Cherry and Martin is pleased to present an exhibition of new works by Los-Angeles based artist Adam Silverman. His second solo with the gallery will feature stoneware pots, ceramic sculptures and an architectural intervention.
The basic geometry of Adam Silverman’s work starts with the circle. The centripetal acceleration of the potter’s wheel encourages the wet clay to move outward, towards the edge of its spinning disc. Slowly and with care, Silverman directs this force upward, into an egg or sphere. Eggs and spheres, like circles, are an expression of an idea of perfection, and it is at this point that Silverman’s pots take on their individual lives, both through the materials that make them and the action of his shaping hand. Silverman pulls the pots upward; he also punches and pushes the clay from within the sphere to alter its interior space and corresponding exterior form. Silverman then layers the surface of his pots with additional clays and glazes, building up their texture and changing their contours through multiple kiln firings.
All of Adam Silverman’s works begin on the potter’s wheel. For this reason, despite the fact that Silverman works in the tradition of abstract sculptors like Voulkos, Coper, Brâncuși, Twombly and Noguchi, he still refers to his works in some sense as “pots.” The potter’s art is an ancient one, going back millennia, that Silverman himself experienced, for example, in the small Japanese towns where he has worked. Pot-making connects the artist to the place where they are and to the materials around them. In Silverman’s case, this means considering the urban and natural landscapes of Los Angeles, or the beaches and woods of Rhode Island where he has his summer studio. Locally harvested clays, crushed shells, beach glass and salvaged wood ash are the base for the glazes that appear on the often pitted, flaked and cracked surfaces of Silverman’s work. Silverman says his pieces contain traces — ghosts or shadows — of their ingredients and processes. Their present appearance offers a parallel glimpse into their past lives.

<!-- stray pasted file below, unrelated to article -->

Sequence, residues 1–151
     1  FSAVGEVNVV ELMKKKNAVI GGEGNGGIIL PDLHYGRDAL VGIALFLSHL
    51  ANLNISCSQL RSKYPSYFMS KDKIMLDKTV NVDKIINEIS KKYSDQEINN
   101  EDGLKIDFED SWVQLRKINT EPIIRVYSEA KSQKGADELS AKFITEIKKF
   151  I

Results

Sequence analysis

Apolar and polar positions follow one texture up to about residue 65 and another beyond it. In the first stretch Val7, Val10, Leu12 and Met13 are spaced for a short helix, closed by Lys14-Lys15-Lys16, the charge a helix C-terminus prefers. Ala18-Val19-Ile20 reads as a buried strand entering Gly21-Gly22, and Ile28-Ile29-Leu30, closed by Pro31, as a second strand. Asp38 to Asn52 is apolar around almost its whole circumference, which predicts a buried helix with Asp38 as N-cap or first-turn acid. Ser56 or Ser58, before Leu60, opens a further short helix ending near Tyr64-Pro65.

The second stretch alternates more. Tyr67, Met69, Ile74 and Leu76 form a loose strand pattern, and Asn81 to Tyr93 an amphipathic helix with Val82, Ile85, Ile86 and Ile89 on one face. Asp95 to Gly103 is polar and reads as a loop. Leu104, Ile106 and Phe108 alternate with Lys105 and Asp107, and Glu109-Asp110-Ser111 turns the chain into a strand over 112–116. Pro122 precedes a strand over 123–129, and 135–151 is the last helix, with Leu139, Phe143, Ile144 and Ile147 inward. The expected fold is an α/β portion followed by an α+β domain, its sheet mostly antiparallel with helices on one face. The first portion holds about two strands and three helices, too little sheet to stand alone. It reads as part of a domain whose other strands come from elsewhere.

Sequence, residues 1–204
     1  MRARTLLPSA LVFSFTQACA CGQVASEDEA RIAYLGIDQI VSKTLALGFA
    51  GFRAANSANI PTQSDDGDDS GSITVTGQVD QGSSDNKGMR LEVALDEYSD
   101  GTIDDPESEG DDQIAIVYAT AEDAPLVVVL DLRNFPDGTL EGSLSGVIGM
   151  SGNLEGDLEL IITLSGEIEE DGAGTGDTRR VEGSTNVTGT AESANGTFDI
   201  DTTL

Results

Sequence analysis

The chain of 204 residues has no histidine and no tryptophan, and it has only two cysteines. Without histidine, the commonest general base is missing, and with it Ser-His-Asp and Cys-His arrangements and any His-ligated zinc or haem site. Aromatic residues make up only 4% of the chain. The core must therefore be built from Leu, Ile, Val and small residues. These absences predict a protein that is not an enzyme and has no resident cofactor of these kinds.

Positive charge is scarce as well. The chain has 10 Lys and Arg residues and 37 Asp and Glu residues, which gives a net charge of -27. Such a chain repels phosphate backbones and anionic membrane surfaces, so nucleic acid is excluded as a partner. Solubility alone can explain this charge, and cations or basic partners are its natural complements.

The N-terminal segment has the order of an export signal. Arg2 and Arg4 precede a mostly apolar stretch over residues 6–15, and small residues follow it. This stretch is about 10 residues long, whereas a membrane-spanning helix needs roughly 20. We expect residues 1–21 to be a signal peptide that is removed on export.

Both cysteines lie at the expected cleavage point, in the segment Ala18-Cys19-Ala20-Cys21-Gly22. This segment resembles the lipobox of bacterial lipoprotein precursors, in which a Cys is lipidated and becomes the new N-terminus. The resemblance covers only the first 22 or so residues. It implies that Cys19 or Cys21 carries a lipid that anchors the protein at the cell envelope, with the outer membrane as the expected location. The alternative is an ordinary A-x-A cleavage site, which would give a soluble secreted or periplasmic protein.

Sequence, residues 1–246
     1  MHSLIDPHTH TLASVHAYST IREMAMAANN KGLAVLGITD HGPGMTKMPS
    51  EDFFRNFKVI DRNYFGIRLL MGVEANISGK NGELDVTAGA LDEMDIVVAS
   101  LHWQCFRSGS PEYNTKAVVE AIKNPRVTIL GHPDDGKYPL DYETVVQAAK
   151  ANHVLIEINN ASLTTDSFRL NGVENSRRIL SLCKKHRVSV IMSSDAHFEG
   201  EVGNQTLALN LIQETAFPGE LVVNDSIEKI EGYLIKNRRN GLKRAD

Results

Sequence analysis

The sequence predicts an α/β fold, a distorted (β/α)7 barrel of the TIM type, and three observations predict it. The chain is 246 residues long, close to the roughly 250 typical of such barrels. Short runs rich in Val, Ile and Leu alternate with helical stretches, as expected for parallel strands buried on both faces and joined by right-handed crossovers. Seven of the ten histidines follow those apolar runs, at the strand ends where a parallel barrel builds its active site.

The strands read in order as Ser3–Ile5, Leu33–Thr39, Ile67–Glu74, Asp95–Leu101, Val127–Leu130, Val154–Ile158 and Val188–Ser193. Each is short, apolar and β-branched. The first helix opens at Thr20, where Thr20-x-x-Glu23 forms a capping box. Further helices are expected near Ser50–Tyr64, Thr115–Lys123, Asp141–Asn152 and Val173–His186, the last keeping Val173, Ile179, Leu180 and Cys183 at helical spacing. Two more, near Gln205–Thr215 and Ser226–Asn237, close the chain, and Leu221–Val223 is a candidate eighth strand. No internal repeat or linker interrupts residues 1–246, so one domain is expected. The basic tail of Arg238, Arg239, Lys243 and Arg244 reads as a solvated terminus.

Thinking about Silverman’s pots, we can connect them to the other art forms, like architecture and dance, with which he has long been interested. Silverman was trained as an architect, and he has taken inspiration from dancers and choreographers like Merce Cunningham, who also use motion and matter to create both space and objects simultaneously. Silverman worked on a long term project at Notre Dame du Haut, the chapel in Ronchamp, France, that Corbusier built 1954 - a building which Silverman points to as a major influence. He notes, “Corbusier’s buildings employ pure geometry at their starting point, and then become very physical in terms of their materials and spatial manipulations: the early ones, like the Villa Savoye, are almost pure abstraction; the later ones, like Ronchamp, are much more loose and expressive, using a lot of texture and color. A more mature engagement and expression of geometry.” This play between abstract geometry and material physicality is at the heart of Silverman’s work, and the pieces featured in his Cherry and Martin exhibition.
Adam Silverman received his BFA and B.Arch from the Rhode Island School of Design. Silverman’s work has been the subject of recent solo and group exhibitions at such museums and galleries as Cherry and Martin (Los Angeles, CA); Friedman Benda (New York, NY); Kimbell Art Museum (Fort Worth, TX); Laguna Art Museum (Laguna Beach, CA); Pierre Marie Giraud (Brussels, Belgium); Tomio Koyama Gallery (Tokyo, Japan). Silverman’s two-person installation, Boolean Valley, a collaboration with Nader Tehrani, travelled from San Jose Museum of Art (San Jose, CA) to MOCA (Los Angeles, CA) to the Nasher Sculpture Center (Dallas, TX). Silverman's work is in the collection of such museums as the Los Angeles County Museum of Art (Los Angeles, CA); Nasher Sculpture Center (Dallas, TX); and Rhode Island School of Design Museum (Providence, RI). A major monograph on Silverman’s work, Adam Silverman Ceramics (2013) was published by Rizzoli. His work has been the subject of articles and reviews in Artforum, Wallpaper, Architectural Digest, New York Times and Los Angeles Times.